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Efficacy of treatment with a GnRH antagonist in prostate cancer patients previously treated with a GnRH agonist

Overview of attention for article published in Cancer Chemotherapy & Pharmacology, June 2015
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Title
Efficacy of treatment with a GnRH antagonist in prostate cancer patients previously treated with a GnRH agonist
Published in
Cancer Chemotherapy & Pharmacology, June 2015
DOI 10.1007/s00280-015-2798-4
Pubmed ID
Authors

Taisuke Ezaki, Takeo Kosaka, Ryuichi Mizuno, Toshiaki Shinojima, Eiji Kikuchi, Akira Miyajima, Mototsugu Oya

Abstract

The efficacy of switching from a GnRH agonist to a GnRH antagonist for prostate cancer patients resistant to treatment with the GnRH agonist has not been fully characterized yet. We aimed to evaluate the efficacy of the switch to a GnRH antagonist in patients with PSA failure after hormonal therapy with a GnRH agonist. We retrospectively examined 18 patients with prostate cancer who received androgen-deprivation therapy and who were treated with a GnRH antagonist (degarelix) after they showed an elevated PSA while on GnRH agonist therapy. We evaluated the characteristics of the patients and analyzed some clinical factors for their potential association with the patient response to the switch. The median PSA at the switch was 7.9 (0.37-1709) ng/ml, and the median testosterone level was 0.17 (<0.08-0.81) ng/ml. Three months after the switch, the median PSA level was 11.3 (0.22-2636) ng/ml, and the median testosterone level was 0.14 (<0.08-0.23) ng/ml. The PSA decreased in six patients (33.3 %) 1 month after the switch, and in three of them it decreased by more than 50 % by 3 months after the switch. Univariate analyses revealed that the lower number of prior treatment lines for prostate cancer before the switch was associated with a favorable decrease in PSA. Switching from GnRH agonist to GnRH antagonist therapy was effective for some prostate cancer patients with PSA failure. The small number of prior treatment lines for prostate cancer before the switch was significantly associated with a good PSA response.

Twitter Demographics

The data shown below were collected from the profile of 1 tweeter who shared this research output. Click here to find out more about how the information was compiled.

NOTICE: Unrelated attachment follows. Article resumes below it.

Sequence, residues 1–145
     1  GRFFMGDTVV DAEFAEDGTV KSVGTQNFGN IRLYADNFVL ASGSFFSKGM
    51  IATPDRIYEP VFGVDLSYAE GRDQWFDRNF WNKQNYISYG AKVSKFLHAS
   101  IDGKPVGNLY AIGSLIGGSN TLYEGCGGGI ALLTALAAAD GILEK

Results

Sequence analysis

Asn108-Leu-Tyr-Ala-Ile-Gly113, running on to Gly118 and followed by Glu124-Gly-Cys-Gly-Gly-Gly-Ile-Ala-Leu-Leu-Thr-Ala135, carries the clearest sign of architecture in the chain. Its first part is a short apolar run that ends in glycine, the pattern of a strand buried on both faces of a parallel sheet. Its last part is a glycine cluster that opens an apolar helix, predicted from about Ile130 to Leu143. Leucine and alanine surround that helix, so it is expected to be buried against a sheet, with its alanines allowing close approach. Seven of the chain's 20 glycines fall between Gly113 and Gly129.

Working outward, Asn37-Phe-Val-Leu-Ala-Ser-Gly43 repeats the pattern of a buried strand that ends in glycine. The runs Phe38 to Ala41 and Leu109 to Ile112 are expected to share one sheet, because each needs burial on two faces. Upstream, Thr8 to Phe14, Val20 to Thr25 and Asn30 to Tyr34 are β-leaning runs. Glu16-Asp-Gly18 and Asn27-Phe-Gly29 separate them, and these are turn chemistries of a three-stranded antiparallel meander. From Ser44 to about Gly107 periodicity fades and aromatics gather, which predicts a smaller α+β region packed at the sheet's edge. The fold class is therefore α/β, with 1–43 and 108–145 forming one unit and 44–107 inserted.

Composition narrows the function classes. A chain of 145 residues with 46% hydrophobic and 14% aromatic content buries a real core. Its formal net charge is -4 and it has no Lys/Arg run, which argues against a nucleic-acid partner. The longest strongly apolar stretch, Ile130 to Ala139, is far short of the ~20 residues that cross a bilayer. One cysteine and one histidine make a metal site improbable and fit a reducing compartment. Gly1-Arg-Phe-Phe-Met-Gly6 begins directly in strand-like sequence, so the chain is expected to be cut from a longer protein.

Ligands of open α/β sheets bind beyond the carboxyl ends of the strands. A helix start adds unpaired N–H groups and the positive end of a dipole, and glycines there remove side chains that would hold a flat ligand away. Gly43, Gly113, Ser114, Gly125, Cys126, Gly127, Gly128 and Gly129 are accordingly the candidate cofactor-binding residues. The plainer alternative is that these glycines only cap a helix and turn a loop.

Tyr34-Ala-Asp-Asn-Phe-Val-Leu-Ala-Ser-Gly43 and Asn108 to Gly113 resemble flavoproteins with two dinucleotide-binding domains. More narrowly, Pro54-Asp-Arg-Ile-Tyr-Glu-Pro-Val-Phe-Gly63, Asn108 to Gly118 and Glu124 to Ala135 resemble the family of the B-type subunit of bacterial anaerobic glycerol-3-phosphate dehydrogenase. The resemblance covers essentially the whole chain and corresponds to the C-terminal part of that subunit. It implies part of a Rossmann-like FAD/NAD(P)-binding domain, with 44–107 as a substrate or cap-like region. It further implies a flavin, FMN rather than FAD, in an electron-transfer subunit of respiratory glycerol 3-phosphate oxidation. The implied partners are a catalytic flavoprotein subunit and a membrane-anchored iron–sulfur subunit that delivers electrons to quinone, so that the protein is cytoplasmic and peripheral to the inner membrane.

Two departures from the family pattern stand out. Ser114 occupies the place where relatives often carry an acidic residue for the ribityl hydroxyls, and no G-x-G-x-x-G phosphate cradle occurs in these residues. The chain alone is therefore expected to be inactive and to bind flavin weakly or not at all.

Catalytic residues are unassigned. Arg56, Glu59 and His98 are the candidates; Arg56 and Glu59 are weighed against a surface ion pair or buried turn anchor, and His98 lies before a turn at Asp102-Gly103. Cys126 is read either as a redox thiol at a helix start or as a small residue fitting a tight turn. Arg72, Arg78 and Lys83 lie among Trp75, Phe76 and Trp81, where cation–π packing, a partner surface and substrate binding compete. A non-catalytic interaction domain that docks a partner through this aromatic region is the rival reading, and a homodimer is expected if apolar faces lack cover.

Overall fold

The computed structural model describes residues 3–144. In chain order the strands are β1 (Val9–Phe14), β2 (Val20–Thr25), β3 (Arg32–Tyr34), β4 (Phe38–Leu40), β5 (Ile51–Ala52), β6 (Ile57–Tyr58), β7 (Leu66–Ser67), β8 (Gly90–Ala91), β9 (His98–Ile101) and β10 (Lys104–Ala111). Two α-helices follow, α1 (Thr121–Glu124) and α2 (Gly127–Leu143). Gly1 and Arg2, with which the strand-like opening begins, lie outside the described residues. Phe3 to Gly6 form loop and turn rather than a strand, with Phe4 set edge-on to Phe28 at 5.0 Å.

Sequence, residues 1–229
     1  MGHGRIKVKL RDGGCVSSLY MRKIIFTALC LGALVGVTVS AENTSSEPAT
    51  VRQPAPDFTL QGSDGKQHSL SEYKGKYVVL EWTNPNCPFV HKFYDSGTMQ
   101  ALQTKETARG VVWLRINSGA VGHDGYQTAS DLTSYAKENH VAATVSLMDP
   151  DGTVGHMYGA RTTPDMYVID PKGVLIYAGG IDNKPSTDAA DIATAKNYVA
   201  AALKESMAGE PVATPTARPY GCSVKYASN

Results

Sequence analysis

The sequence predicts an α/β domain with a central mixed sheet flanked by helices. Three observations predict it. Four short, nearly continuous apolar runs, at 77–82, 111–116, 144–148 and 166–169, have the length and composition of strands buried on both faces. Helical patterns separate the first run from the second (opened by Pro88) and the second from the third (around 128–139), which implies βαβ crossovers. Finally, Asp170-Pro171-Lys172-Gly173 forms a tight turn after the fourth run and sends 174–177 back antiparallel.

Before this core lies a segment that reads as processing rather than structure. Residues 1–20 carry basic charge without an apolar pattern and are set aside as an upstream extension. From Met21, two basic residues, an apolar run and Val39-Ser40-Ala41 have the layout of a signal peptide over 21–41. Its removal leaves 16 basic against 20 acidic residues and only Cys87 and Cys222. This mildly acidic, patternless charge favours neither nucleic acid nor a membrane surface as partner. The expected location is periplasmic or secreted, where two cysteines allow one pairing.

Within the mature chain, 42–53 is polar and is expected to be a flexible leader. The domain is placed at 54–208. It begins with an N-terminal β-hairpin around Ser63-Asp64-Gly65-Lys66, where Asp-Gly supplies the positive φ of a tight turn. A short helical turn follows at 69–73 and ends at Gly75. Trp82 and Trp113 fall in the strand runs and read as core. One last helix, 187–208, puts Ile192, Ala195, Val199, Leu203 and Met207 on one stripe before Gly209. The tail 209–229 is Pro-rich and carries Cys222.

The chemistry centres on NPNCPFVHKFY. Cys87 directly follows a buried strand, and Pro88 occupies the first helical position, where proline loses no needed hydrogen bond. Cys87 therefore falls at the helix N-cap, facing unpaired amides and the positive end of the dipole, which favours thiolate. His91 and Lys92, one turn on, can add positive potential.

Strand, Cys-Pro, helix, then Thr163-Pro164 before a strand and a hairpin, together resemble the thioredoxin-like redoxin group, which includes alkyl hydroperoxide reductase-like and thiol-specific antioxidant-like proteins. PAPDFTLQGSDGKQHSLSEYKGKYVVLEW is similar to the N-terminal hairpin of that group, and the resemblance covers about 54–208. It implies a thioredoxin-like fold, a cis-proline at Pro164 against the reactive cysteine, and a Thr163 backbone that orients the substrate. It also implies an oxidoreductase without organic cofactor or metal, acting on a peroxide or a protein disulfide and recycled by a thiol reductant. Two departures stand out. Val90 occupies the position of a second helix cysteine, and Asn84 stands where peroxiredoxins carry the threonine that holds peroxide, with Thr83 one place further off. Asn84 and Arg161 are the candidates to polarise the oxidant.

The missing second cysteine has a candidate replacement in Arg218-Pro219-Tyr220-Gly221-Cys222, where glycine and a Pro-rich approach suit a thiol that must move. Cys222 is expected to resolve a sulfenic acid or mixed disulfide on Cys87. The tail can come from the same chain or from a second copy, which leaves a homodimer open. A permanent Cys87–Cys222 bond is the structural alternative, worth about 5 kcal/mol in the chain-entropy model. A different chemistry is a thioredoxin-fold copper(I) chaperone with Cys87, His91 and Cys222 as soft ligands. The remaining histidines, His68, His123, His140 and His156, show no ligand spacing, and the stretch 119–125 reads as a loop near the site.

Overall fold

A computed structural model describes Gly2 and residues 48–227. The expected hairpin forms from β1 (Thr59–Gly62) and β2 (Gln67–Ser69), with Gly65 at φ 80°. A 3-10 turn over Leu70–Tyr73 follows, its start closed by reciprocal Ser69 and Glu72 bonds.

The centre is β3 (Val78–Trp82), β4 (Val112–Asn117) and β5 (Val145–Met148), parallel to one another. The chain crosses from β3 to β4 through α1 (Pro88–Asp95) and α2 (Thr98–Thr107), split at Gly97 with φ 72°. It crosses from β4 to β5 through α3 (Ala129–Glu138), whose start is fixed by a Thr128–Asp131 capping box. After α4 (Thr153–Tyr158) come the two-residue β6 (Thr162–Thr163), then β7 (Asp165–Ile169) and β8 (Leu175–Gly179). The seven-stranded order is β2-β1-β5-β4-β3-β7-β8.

Mendeley readers

The data shown below were compiled from readership statistics for 14 Mendeley readers of this research output. Click here to see the associated Mendeley record.

Geographical breakdown

Country Count As %
Unknown 14 100%

Demographic breakdown

Readers by professional status Count As %
Student > Ph. D. Student 4 29%
Student > Bachelor 3 21%
Student > Doctoral Student 3 21%
Unspecified 2 14%
Librarian 1 7%
Other 1 7%
Readers by discipline Count As %
Medicine and Dentistry 9 64%
Unspecified 3 21%
Sports and Recreations 1 7%
Mathematics 1 7%

Attention Score in Context

This research output has an Altmetric Attention Score of 1. This is our high-level measure of the quality and quantity of online attention that it has received. This Attention Score, as well as the ranking and number of research outputs shown below, was calculated when the research output was last mentioned on 15 June 2015.
All research outputs
#10,833,354
of 12,220,852 outputs
Outputs from Cancer Chemotherapy & Pharmacology
#1,514
of 1,715 outputs
Outputs of similar age
#193,111
of 233,434 outputs
Outputs of similar age from Cancer Chemotherapy & Pharmacology
#19
of 28 outputs
Altmetric has tracked 12,220,852 research outputs across all sources so far. This one is in the 1st percentile – i.e., 1% of other outputs scored the same or lower than it.
So far Altmetric has tracked 1,715 research outputs from this source. They receive a mean Attention Score of 3.5. This one is in the 1st percentile – i.e., 1% of its peers scored the same or lower than it.
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We're also able to compare this research output to 28 others from the same source and published within six weeks on either side of this one. This one is in the 1st percentile – i.e., 1% of its contemporaries scored the same or lower than it.